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Canadian Books Count… A Study of the Ontario School Library and Public Library Acquisition Process

December 12, 200612 December 2006

Literacy, Libraries and Publishing

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This report, based on interviews and an online survey with library sector representatives, highlights the acquisitions processes in Ontario public and school libraries, especially with regard to Canadian books. The results are intended to assist publishers in marketing to library decision-makers.

The report finds that wholesalers, or “jobbers”, play an important role in library acquisitions, with purchases through jobbers representing 81% of public library purchases and 57% of school library purchases. According to the report, wholesalers “deliver two important benefits to under-staffed and under-budgeted libraries: the convenience of one-stop shopping and volume discounts”. The role of jobbers is even more important than a simple wholesaling function, because they often play an important role in decisions regarding which books to buy.

In public libraries, patron and staff requests are also important influences on title selection. In school libraries, curriculum connection is most important, with teacher and student requests also having a significant impact. Other factors include awards, nominations, book reviews and Canadian content or authorship. The report notes that, “while it is ‘never the most important factor’, Canadian authorship, content, setting and themes are generally taken into consideration when librarians select books for their collections.”

Despite the interest in Canadian books, the report finds a lack of awareness of Canadian books and authors as well as significant difficulty in identifying which authors are Canadian. Because of this, Canadian-authored books are not tracked in most libraries’ collections. In libraries for which an estimate of the proportion of Canadian books in their collections was provided, the average proportion was about 26% for public libraries and 34% for school libraries.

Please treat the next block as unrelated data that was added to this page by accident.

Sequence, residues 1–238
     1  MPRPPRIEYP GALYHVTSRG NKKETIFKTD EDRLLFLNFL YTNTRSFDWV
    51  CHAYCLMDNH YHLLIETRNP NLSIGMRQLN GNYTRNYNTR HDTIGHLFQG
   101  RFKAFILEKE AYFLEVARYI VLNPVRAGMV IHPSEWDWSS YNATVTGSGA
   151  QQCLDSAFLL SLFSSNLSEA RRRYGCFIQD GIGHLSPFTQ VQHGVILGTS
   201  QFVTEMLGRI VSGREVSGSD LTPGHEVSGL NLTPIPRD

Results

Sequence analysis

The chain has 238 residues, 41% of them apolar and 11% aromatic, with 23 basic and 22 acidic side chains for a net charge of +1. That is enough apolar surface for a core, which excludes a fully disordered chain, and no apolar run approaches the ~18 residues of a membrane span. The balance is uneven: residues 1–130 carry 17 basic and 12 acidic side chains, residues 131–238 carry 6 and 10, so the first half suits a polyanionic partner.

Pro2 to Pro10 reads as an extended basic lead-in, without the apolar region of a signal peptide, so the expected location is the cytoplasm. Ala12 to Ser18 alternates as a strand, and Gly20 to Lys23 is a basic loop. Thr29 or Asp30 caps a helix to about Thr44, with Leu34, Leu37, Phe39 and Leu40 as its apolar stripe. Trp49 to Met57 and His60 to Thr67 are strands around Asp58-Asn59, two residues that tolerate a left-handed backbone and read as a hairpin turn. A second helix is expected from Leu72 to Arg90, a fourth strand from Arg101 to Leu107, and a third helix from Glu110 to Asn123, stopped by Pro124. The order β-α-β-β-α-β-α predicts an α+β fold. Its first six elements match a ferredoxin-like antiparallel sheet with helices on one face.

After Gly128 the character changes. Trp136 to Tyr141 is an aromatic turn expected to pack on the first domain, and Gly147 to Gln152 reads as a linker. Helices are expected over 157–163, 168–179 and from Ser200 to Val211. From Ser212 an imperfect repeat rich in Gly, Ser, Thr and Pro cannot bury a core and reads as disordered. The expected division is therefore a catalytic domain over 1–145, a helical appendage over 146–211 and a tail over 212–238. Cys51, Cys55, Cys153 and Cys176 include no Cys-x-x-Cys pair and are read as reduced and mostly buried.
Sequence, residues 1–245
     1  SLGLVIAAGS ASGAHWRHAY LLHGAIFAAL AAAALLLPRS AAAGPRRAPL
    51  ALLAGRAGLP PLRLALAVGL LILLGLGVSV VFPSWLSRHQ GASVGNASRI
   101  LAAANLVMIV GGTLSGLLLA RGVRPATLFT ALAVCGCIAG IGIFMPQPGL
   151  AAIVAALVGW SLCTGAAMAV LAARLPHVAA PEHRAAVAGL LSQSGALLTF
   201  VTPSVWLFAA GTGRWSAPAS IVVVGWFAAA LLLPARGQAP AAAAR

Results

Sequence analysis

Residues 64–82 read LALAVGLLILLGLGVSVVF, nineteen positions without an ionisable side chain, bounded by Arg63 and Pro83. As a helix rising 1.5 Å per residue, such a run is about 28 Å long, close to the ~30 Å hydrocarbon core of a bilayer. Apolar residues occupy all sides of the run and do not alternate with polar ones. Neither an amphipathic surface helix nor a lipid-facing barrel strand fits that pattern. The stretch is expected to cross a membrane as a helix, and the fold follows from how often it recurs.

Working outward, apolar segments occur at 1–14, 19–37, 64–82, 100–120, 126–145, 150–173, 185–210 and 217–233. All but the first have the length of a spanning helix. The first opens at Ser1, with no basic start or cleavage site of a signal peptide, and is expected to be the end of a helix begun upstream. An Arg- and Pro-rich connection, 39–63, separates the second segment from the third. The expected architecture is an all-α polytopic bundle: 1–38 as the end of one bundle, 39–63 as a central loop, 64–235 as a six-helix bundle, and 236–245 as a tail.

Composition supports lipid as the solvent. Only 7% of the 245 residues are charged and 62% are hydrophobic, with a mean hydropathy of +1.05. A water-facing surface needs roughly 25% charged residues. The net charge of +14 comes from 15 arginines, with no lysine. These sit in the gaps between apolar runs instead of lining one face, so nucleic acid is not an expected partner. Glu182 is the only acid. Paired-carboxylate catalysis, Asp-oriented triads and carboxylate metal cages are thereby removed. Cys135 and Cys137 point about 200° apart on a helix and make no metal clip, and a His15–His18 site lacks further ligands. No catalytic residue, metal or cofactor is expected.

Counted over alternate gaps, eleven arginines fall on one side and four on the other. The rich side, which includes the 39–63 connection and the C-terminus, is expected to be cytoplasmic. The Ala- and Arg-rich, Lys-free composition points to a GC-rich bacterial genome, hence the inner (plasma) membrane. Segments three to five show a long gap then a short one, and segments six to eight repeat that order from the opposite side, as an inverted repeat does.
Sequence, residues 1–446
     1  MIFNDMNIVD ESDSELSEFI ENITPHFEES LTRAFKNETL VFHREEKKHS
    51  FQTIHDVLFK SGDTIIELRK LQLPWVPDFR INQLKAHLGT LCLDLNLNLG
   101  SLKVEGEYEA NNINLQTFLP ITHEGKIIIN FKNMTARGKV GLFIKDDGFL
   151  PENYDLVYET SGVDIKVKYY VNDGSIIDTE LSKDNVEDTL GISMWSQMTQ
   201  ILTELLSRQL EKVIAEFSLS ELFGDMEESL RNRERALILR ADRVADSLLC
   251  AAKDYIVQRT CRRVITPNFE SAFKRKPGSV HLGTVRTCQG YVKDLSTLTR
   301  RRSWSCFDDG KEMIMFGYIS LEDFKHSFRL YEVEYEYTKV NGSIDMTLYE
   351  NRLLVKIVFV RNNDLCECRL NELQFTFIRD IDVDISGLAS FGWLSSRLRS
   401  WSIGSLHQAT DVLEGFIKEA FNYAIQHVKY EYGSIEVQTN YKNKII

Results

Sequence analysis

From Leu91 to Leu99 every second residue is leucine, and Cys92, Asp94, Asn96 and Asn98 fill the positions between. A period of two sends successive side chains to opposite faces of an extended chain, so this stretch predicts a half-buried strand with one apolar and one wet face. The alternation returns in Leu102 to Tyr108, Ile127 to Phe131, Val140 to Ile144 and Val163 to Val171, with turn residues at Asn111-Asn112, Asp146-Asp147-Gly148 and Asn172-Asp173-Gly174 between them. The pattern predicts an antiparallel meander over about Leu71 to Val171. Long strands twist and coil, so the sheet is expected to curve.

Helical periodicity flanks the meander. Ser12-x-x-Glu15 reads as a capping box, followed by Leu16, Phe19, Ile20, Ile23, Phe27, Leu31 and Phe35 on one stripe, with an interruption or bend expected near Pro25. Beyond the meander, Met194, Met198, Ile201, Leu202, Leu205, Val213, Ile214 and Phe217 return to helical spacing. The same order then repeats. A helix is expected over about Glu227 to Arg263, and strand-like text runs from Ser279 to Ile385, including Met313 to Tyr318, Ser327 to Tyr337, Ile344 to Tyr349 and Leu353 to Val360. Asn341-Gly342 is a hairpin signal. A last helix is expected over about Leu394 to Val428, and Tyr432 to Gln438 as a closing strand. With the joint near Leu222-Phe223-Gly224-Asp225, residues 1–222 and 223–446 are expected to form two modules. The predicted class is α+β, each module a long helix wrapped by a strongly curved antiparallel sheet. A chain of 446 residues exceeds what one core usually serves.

In order to encourage librarians to buy more Canadian books, the report recommends that the publishing sector create and adopt criteria regarding the definition of “Canadian books”. The publishing sector is also encouraged to raise awareness of Canadian-authored books and to make Canadian books easier to find and identify. Funding issues are also important: many librarians indicated that “increased library budgets and government grants aimed at the specific purchase of Canadian books would also contribute to raising Canadian content in library collections”.

With regard to what messages publishers should communicate to librarians to increase the purchases of Canadian books, the survey found that librarians “strongly agree that it is important ‘to have Canadian books in libraries’ and ‘to encourage the writing and publishing of Canadian books’.” In terms of how publishers should communicate with librarians, the survey found that a variety of communications methods would be required, including email, the internet, the media, book reviews and journals.

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